further comprising adding stabilizing compounds to the electrolyte for overcoming and stabilizing the short lifetime of oxidized forms of higher oxidation state species of the mediator, wherein the stabilizing compounds are tellurate or periodate ions.
49. The process of claim 48, further comprising impressing an AC voltage upon the direct current voltage for retarding formation of cell performance limiting surface films on an electrode.
50. The process of claim 48, wherein the catholyte contains HNO3 or NO3- salts, and further comprising adding oxygen to the catholyte portion.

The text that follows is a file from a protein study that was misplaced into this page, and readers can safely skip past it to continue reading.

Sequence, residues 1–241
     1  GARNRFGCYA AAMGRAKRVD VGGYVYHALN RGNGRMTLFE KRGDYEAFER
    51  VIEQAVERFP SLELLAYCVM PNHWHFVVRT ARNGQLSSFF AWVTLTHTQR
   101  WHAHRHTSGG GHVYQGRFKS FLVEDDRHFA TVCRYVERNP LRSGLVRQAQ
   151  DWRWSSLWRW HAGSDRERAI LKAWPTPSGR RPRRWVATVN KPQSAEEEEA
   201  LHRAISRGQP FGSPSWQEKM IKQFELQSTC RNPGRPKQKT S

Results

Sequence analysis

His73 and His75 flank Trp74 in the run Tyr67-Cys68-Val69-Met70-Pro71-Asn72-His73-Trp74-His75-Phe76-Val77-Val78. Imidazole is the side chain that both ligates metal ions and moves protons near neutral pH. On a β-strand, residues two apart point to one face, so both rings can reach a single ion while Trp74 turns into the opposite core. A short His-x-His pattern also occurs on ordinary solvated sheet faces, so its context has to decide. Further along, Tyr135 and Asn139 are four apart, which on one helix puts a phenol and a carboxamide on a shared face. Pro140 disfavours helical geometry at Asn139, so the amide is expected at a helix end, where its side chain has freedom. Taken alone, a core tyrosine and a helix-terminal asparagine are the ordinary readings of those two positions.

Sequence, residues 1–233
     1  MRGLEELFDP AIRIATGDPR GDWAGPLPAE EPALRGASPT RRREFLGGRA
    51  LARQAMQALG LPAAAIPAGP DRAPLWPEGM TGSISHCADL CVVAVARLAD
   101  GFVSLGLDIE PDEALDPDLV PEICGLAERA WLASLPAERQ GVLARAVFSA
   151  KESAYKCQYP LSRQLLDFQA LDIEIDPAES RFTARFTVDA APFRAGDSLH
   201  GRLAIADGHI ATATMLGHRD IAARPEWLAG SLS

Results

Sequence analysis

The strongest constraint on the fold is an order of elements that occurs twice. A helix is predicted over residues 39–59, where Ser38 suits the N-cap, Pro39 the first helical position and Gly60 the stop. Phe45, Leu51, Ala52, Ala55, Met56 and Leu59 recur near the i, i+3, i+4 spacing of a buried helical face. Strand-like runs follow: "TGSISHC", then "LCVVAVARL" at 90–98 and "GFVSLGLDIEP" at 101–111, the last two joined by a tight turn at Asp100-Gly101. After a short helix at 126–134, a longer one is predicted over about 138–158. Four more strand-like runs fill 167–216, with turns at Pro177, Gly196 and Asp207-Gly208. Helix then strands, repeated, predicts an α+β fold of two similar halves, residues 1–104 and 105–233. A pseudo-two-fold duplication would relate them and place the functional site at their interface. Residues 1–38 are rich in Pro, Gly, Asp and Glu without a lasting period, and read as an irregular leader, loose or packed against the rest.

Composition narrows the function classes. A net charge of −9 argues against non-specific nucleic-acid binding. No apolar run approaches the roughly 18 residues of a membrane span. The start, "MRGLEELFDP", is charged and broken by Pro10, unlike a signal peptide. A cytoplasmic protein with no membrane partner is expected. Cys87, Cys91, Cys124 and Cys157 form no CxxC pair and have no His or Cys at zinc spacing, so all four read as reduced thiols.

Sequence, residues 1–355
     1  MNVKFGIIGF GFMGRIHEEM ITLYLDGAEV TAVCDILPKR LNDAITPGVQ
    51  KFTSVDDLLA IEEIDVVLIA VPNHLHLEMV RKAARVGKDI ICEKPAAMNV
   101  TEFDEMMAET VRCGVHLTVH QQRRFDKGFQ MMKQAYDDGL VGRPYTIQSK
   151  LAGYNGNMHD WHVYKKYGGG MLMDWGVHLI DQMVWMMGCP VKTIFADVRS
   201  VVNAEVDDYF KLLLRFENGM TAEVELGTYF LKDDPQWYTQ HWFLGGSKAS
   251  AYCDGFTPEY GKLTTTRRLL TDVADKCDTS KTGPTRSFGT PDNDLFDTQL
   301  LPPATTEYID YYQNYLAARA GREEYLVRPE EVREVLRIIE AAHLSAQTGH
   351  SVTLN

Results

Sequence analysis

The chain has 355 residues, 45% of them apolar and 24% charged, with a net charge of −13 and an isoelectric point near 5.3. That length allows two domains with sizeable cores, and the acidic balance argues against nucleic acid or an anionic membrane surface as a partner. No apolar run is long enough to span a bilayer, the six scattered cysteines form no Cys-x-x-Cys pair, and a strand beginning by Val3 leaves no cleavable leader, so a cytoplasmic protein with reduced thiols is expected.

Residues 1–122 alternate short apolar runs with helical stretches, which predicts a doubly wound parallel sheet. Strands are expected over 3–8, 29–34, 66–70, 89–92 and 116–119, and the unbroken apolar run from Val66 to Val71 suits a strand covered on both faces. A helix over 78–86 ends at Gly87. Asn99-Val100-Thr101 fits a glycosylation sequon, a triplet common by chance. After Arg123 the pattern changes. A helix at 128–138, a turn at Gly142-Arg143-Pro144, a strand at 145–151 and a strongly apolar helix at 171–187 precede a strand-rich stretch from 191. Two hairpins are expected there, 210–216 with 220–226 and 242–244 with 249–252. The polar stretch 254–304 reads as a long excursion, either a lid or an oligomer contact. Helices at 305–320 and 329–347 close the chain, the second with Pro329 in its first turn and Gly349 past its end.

51. A process for treating and oxidizing biological waste materials comprising disposing an electrolyte in an electrochemical cell,separating the electrolyte into an anolyte portion and a catholyte portion with an ion-selective membrane, semipermeable membrane, microporous polymer, porous ceramic, or glass frit, applying a direct current voltage between the anolyte portion and the catholyte portion, placing the biological waste materials in the anolyte portion, and oxidizing the biological waste materials in the anolyte portion with a mediated electrochemical oxidation (MEO) process, wherein the anolyte portion further comprises oxidizing species as a mediator in aqueous solution and the electrolyte is an acid, neutral or alkaline aqueous solution, and wherein the mediator oxidizing species are selected from the group consisting of (a.) simple ion redox couples described in Table I as below; (b.) Type I isopolyanions complex anion redox couples formed by incorporation of elements in Table I, or mixtures thereof as addenda atoms; (c.) Type I heteropolyanions complex anion redox couples formed by incorporation into Type I isopolyanions as heteroatoms any element selected from the group consisting of the elements listed in Table II either singly or in combination thereof, or (d.) heteropolyanions complex anion redox couples containing at least one heteroajom type element contained in both Table I and Table II below or (e.) combinations of the mediator oxidizing species from any or all of (a.), (b.), (c.), and (d.)